Drug Resistant Tuberculosis
Drug-resistant TB (DR-TB) is caused by M. tuberculosis that are resistant to anti-TB drugs, and it usually occurs when the drugs used for TB treatment are wrongly used or mishandled (CDC, 2017). Multidrug-resistant TB (MDR-TB) is a specific type of DR-TB which occurs when the M. tuberculosis that a person is infected with are resistant to two of the major TB drugs: isoniazid (INH) and rifampicin (RMP).
Approximately 9% of people with MDR-TB, have “extensively drug-resistant TB” (XDR-TB) which is a very rare form of DR-TB. XDR-TB is basically MDR-TB with additional resistance to any fluoroquinolone and to at least one of three injectable agents (i.e. amikacin, kanamycin, or capreomycin) (Kurz, 2016). When a person becomes ill with any of these types of resistant TB, it means that the drugs prescribed would not work and other drugs would need to be taken by the person if they are to be cured (WHO, 2014; Kurz, 2016).
The WHO drug resistance surveillance data showed about 240,000 deaths from MDR/RR-TB in 2016. In addition, 8 000 patients with extensively drug-resistant TB (XDR-TB) were reported globally. So far, 123 countries have reported at least one XDR-TB case, and on an average, approximately 6.2% of people with MDR-TB have XDR-TB (WHO, 2017).
The burden of Tuberculosis in Nigeria
As previously stated, TB continues to exist as a significant health issue in many LMICs especially Nigeria which is ranked 7th among the 30 high TB burden countries and second in Africa (GHE, 2020). Nigeria was also one of the top 3 (out of 10) countries that was responsible for 80% of the total gap between TB incidence and reported cases in 2017 (Ogbuabor and Onwujekwe, 2019). No more than an estimated 20% of active cases in Nigeria are notified despite it having one of the highest TB burdens in Africa (WHO, 2014).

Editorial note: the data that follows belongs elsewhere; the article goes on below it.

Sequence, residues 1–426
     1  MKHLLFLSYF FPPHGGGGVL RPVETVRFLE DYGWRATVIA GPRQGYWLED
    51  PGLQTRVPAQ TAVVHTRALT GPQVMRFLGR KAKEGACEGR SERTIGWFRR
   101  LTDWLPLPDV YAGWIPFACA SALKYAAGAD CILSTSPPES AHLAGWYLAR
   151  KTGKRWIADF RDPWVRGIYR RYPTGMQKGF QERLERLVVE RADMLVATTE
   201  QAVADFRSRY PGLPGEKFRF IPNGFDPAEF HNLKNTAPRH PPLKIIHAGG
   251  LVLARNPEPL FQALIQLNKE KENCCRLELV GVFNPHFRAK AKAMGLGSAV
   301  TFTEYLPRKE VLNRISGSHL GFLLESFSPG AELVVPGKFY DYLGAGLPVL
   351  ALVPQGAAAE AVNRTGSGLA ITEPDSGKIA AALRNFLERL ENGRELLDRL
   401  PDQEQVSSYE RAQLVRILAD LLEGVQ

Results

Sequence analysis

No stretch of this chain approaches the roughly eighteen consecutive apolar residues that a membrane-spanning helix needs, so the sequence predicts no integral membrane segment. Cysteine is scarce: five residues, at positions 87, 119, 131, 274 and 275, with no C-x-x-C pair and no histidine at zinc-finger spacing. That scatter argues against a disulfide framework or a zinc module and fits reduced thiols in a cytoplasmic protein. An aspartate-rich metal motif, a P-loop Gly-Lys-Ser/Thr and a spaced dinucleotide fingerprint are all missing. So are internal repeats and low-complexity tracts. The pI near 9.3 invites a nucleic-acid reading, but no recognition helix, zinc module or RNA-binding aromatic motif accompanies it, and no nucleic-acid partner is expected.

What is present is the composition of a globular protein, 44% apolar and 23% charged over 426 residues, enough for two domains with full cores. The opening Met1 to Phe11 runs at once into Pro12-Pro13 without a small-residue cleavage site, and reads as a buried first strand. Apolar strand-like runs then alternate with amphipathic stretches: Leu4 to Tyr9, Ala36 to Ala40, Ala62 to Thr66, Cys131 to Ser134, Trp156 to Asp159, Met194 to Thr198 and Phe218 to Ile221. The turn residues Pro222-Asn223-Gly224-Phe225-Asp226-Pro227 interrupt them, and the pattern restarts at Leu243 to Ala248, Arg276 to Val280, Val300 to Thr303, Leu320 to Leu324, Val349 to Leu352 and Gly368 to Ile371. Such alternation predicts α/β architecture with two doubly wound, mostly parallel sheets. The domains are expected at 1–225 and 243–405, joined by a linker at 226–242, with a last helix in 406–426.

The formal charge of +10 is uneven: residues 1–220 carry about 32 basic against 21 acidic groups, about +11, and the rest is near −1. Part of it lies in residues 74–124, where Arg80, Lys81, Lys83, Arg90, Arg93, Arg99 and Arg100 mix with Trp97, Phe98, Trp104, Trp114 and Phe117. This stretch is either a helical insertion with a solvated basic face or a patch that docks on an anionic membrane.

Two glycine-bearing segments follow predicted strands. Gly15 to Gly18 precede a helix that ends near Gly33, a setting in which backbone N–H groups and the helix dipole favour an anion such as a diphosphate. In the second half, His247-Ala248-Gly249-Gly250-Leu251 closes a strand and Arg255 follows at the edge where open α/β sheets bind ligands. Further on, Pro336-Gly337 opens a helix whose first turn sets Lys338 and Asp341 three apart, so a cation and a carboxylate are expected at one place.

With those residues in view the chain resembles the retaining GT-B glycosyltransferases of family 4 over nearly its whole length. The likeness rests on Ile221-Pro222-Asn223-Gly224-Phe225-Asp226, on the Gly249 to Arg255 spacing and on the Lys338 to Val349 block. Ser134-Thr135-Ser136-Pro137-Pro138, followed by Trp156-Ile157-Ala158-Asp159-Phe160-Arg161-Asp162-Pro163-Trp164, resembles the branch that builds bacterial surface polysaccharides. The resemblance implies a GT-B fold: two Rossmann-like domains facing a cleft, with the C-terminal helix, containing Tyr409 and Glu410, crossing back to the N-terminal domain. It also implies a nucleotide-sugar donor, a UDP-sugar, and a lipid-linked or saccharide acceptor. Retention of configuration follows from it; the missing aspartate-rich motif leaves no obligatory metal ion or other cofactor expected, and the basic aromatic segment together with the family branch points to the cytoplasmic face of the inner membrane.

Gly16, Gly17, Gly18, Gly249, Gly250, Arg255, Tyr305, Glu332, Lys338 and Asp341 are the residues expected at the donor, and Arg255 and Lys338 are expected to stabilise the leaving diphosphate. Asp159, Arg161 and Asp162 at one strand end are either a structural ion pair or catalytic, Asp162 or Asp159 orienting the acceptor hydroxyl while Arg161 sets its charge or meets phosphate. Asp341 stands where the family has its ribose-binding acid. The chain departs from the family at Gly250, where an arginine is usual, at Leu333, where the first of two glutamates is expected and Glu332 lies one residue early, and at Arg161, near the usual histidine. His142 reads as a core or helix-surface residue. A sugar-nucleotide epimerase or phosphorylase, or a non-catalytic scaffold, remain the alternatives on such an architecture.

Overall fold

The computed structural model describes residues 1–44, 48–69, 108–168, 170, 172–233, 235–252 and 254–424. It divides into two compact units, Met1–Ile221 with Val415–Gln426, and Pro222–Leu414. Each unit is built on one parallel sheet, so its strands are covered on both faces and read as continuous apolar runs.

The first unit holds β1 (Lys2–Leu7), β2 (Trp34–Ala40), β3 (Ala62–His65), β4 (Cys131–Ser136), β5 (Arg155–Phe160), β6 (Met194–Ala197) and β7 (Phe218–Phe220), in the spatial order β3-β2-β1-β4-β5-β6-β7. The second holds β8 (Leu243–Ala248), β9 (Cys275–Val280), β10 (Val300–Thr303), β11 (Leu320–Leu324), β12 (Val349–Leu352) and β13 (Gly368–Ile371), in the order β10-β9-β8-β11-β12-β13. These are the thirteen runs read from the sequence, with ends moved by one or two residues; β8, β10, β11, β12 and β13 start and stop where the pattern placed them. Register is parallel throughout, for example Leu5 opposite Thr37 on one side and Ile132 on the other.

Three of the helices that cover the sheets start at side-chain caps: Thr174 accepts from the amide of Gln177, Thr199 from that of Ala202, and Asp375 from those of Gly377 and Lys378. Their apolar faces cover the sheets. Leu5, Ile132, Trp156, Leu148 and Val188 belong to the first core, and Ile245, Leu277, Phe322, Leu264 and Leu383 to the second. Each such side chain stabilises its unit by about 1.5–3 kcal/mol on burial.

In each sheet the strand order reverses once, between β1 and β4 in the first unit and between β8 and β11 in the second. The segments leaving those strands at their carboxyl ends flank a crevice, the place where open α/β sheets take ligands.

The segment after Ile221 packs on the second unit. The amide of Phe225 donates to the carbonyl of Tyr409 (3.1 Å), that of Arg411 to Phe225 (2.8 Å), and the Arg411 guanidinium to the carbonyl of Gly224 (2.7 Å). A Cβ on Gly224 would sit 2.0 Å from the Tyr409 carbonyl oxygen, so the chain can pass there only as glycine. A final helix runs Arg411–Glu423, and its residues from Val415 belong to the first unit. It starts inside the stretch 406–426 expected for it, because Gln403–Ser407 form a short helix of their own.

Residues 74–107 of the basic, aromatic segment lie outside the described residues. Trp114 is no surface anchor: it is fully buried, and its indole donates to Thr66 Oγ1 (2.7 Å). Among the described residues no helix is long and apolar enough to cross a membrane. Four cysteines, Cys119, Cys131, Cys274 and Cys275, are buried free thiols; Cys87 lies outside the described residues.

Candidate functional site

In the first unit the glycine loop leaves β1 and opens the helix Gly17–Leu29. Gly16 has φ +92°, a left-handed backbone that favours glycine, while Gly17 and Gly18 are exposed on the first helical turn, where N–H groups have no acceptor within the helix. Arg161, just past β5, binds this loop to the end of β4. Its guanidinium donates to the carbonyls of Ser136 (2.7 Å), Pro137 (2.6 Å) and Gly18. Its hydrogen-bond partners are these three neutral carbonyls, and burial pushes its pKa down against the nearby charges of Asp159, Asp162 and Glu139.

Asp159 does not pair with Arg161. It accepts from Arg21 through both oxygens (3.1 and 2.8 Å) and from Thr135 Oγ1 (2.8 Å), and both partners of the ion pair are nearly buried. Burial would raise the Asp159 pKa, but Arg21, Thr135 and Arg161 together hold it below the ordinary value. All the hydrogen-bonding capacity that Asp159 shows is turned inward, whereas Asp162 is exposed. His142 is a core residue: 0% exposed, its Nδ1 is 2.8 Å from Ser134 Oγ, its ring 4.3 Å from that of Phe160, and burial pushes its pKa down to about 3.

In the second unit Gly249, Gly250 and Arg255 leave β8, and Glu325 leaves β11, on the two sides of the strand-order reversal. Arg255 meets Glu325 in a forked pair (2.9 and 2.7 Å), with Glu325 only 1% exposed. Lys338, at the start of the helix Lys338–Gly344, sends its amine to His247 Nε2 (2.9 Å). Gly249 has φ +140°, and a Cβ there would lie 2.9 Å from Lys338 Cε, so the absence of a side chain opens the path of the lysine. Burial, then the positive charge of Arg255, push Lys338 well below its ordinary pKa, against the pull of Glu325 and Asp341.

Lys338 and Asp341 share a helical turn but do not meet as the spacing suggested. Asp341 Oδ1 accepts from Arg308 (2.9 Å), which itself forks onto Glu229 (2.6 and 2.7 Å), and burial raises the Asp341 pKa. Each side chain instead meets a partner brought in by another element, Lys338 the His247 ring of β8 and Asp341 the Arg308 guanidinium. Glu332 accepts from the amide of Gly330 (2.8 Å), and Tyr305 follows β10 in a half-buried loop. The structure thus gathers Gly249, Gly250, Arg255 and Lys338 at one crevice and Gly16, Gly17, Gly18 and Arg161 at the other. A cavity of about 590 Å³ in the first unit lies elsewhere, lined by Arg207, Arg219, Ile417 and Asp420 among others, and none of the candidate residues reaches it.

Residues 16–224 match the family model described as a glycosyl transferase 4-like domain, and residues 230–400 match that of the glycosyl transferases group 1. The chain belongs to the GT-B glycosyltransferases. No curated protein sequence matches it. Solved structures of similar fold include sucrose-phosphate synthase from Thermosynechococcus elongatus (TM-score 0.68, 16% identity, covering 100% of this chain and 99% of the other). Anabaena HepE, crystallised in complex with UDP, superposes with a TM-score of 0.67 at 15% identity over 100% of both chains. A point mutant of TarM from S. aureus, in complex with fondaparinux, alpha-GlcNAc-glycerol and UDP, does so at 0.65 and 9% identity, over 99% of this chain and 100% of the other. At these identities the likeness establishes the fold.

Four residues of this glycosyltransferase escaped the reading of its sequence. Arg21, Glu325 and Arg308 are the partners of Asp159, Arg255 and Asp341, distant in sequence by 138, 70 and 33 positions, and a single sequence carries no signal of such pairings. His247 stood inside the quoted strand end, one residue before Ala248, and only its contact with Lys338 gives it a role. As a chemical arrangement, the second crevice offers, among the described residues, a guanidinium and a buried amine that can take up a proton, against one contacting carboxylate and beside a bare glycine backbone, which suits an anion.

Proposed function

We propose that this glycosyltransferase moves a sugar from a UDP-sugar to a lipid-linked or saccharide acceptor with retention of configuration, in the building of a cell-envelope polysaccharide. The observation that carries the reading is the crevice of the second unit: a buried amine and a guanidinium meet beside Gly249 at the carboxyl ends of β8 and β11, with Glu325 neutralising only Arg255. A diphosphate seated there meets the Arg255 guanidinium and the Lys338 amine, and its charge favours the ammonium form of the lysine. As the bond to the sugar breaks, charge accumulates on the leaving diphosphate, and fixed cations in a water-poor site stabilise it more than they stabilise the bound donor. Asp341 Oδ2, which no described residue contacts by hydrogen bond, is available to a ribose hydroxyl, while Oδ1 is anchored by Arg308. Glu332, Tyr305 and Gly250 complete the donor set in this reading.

In Nigeria, the prevalence of TB among HIV-negative people was 27% (Fig.1), the TB incidence rate was 158 per 100,000 population, and the total number of TB mortality was 39,933 (Fig.2) in 2016 (Ogbo et al., 2018). As shown in Fig.1, TB prevalence was highest in people aged 50–69 years and lowest in children under 5 years.
In 2017, approximately 75% of the estimated 418,000 incident cases of TB in Nigeria were neither notified nor diagnosed and TB mortality (leaving out Human Immunodeficiency Virus + TB) was 63 per 100,000 people (WHO, 2018; Ogbuabor and Onwujekwe, 2019).
For more than 20 years, Nigeria has been classified as one of the countries with a high burden of TB so as to encourage focused interventions, advocacy for funding and policies to improve the control of TB. Some factors related to this high TB burden are a high proportion of patients with drug-resistant TB (4.3% of new cases and 25% of previously-treated cases); and inadequate health systems that are incapable of supporting the effective scale-up of TB services (Onyedum et al., 2017). The National Tuberculosis & Leprosy Control Program (NTBLCP)- established by the Government of Nigeria- was launched as a part of the Ministry of Health to manage the funding for all TB-related work in Nigeria. Its commision is to coordinate TB and Leprosy control activities in all states within the country, and to reduce the public burden of both diseases. Significant progress has been made by the Ministry of Health in drafting the National Strategic Plan for Tuberculosis Control which seeks to ensure “universal access to prevention, diagnosis and treatment by 2020” in accordance with its commitments to the WHO (WHO, 2015).